However this is a flawed argument. For one thing, it fails to allow for the fractal relationship of the individual believer to the corporate church. But perhaps the most obvious way of looking at it is this: if no individual believer is supposed to show passionate extravagant love for Jesus, then how can the church as a whole ever come to a point of being characterised by such Bridal passion? And specifically in this passage, we see Mary acting quite independently in lavishing an extravagantly expensive love-offering at the feet of Jesus–and John the inspired author describes her action in terms that quite clearly allude to the bride in the Song of Songs.

On the other hand though, it is nevertheless important to underscore the fact that this ‘bridal paradigm’ describes a passionate spirituality, not sexual sensuality.

5. Being An Extravagant Lover Of Jesus Is Not Just For The Ladies
Nicodemus, who at first came to Jesus by night, also came, bringing a mixture of myrrh and aloes, about a hundred pounds.
John 19:39

‘Well,’ you might be thinking, ‘perhaps this idea of relating to Jesus as our Bridegroom might be all very well for the ladies, but I’m a man!’

But you just need to read the rest of the Gospel of John to see that this sort of passionate relationship towards Jesus isn’t just experienced by Mary, or just by women, but very definitely by men too. The very writer of the gospel describes himself throughout as ‘the one whom Jesus loved’. John the Baptist speaks of Jesus as ‘the Bridegroom’ and himself as ‘the friend who rejoices greatly at his voice.’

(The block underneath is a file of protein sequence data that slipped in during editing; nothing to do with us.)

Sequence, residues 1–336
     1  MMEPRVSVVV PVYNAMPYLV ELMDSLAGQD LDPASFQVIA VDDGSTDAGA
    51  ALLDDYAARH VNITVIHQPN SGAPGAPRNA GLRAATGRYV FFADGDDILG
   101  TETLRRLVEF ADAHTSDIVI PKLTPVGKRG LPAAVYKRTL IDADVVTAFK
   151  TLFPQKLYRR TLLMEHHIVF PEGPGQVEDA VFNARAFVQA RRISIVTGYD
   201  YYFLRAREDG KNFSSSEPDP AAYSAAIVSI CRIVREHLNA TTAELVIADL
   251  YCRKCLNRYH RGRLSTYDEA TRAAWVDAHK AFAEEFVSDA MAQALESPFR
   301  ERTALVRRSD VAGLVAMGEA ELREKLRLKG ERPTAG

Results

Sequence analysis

Perhaps the scene bearing the closest resemblance to the extravagance of Mary pouring a year’s wages of perfume at the feet of Jesus, is that of Nicodemus bringing a hundred pounds (that’s about forty-five kilograms — though some translations have seventy-five pounds, or about thirty-five kilos) of spices to anoint the body of Jesus for burial after his crucifixion.

6. The Gospel Is What Tranforms Cynical Men Into Besotted Lovers Of God
Jesus: “Unless one is born again, he cannot see the kingdom of God.”
Nicodemus: “How can a man be ‘born again’ when he is old? Can he enter a second time into his mother’s womb?”

John 3:1-16

So how did Nicodemus come to this point of extravagant devotion to Jesus? Had he always been this way inclined?

Nicodemus appears three times in the Gospel of John, and to begin with he is the very antithesis of the shamelessly passionate lover of Jesus that Mary exemplifies with her anointing of Jesus feet, and that Nicodemus eventually also resembles with his weighty gift of incense.